Rosemary Walling, a volunteer and board member of Friends of the Marie Drake Planetarium, views Saturn and its moons’ orbits as projected by a visiting digital projector from Seattle’s Museum of Flight on Thursday, Oct. 10, 2019. The planetarium is currently raising money to replace its aging mechanical projector with a digital one. (Michael Penn | Juneau Empire)

Rosemary Walling, a volunteer and board member of Friends of the Marie Drake Planetarium, views Saturn and its moons’ orbits as projected by a visiting digital projector from Seattle’s Museum of Flight on Thursday, Oct. 10, 2019. The planetarium is currently raising money to replace its aging mechanical projector with a digital one. (Michael Penn | Juneau Empire)

Star power: Planetarium shows what fundraising could bring to town

Digital projector offers glimpse of Juneau’s future

Projections look bright for Juneau’s planetarium.

The Marie Drake Planetarium hosted educators from the Museum of Flight in Seattle this week, and they came equipped with a digital system similar to the one Friends for the Marie Drake Planetarium are working to buy.

A digital system would be a massive upgrade over the 1967 Spitz projector the planetarium currently uses, said volunteer Rosemary Walling, who is also a board member for FOMDP.

“It’s so different,” Walling said. “It’s like going to a computer from a slide rule.”

[They’ve played with Ozzy and Slash, now they’re playing in Juneau]

Educators for the Museum of Flight Paul Martinez and Mandy Walker-LaFollette showed the digital system’s capabilities to the Empire. Their fellow educator Natalie Copeland has also been demonstrating the projector at Juneau schools and the planetarium but was not present.

The Museum of Flight educators said they’re used to seeing their portable digital projector work in the confines of a traveling, inflatable dome and were impressed by what it looked like in the planetarium.

“Having a fixed dome here is amazing,” Walker-LaFollette said.

Using the projector, educators could fly to distant planets, travel along the surface of Mars and show overlays of how constellations as interpreted by different cultures.

“Ours is going to be bigger and better,” Walling said.

Currently, the planetarium makes use of its original 1967 projector and system, which has lost its abilities to depict much more than the night’s sky over the years.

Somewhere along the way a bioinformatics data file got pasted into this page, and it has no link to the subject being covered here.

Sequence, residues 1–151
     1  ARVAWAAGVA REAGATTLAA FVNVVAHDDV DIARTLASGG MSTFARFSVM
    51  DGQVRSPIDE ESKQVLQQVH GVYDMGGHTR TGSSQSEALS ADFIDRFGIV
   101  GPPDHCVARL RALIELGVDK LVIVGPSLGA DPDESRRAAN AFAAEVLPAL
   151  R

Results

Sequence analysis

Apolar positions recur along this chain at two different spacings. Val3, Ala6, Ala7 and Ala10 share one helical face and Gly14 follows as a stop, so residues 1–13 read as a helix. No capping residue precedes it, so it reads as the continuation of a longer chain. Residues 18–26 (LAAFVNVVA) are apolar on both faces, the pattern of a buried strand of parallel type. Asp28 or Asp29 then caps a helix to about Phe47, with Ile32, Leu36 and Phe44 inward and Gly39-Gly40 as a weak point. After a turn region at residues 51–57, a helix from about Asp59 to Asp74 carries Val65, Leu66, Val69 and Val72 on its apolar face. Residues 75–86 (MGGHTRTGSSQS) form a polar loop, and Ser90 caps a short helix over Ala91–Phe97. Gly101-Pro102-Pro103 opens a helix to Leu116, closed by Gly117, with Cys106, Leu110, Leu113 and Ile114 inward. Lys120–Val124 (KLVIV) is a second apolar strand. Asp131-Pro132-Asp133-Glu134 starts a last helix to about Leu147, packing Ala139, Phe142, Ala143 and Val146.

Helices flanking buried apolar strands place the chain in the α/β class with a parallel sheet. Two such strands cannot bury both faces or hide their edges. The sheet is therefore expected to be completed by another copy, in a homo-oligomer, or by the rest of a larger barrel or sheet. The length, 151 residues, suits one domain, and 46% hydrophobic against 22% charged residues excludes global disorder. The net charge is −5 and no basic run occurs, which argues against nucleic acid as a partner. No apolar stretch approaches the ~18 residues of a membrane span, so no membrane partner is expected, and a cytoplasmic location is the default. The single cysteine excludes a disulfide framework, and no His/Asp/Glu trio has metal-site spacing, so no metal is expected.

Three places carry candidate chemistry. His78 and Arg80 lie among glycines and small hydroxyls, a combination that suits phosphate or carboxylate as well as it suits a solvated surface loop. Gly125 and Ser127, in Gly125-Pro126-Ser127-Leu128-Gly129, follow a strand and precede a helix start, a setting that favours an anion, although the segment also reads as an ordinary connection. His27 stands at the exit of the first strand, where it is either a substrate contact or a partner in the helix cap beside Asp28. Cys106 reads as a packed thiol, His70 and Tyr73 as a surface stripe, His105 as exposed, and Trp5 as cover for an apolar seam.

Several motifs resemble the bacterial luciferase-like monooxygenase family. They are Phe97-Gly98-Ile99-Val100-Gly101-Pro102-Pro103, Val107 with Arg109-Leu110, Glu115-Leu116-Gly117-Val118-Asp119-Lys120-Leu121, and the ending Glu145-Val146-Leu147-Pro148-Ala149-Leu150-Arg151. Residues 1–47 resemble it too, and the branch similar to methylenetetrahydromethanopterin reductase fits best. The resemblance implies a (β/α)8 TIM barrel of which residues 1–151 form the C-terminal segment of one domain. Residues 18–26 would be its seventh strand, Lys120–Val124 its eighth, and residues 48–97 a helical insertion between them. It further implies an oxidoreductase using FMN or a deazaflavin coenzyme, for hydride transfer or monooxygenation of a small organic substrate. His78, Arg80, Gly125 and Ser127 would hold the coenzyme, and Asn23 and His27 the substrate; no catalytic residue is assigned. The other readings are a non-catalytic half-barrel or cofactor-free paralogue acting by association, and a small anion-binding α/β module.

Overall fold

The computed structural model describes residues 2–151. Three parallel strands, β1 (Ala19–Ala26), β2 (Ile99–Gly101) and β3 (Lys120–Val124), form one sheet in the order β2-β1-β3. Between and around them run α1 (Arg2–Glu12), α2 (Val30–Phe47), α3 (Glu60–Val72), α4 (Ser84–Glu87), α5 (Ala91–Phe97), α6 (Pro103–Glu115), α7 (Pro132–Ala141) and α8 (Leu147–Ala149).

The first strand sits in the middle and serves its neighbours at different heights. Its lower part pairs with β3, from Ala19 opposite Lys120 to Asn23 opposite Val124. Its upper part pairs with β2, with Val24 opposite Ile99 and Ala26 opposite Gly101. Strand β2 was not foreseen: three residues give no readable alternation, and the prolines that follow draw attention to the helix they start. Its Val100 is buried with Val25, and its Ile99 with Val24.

“Over time, things stopped working,” Walling said.

First, the planetarium friends need to raise some money, and Walling said progress is being made.

Phase 1 of the project, purchasing a projector, is already complete. Walling said a projector that would normally cost about $32,000 was purchased for $16,500.

[City takes long look at expenses]

The short-term focus is Phase 2, which has a fundraising goal of $12,000. That phase includes purchasing a fish-eye lens, computer, stand, software and a console.

So far, Walling said about a quarter of that total, $3,000, has been raised.

There is a Phase 3 plan that would provide high-resolution Earth and solar system data sets and software upgrades, Walling said fundraising for that can be done incrementally. Phase 2 is what needs to be completed for the planetarium to present a digital show.

When Phase 2 is complete, Walling said the Spitz projector would not need to be moved immediately since the digital system could be calibrated for being placed in an off-center location.

This week has been sort of a public awareness campaign for both the Marie Drake Planetarium and the coveted projector system.

It’s been dubbed Digital Planetarium Week by the planetarium. Flight Museum educators have given presentations to and estimated 600 people at at the planetarium and more than 1,000 Juneau schools students had seen the portable system in action, Walling said.

The response has been so enthusiastic that Walling said the planetarium added two more shows to the week’s schedule.

She said it isn’t often popular demand dictates additional Saturday night shows at the planetarium.

Know & Go

What: Digital Planetarium Week presentations

When: 6:30 and 7:45 p.m. Saturday.

Where: Marie Drake Planetarium, 1415 Glacier Ave.

Admission: Free, but registration is required. Registration can be done online through mariedrakeplanetarium.org.

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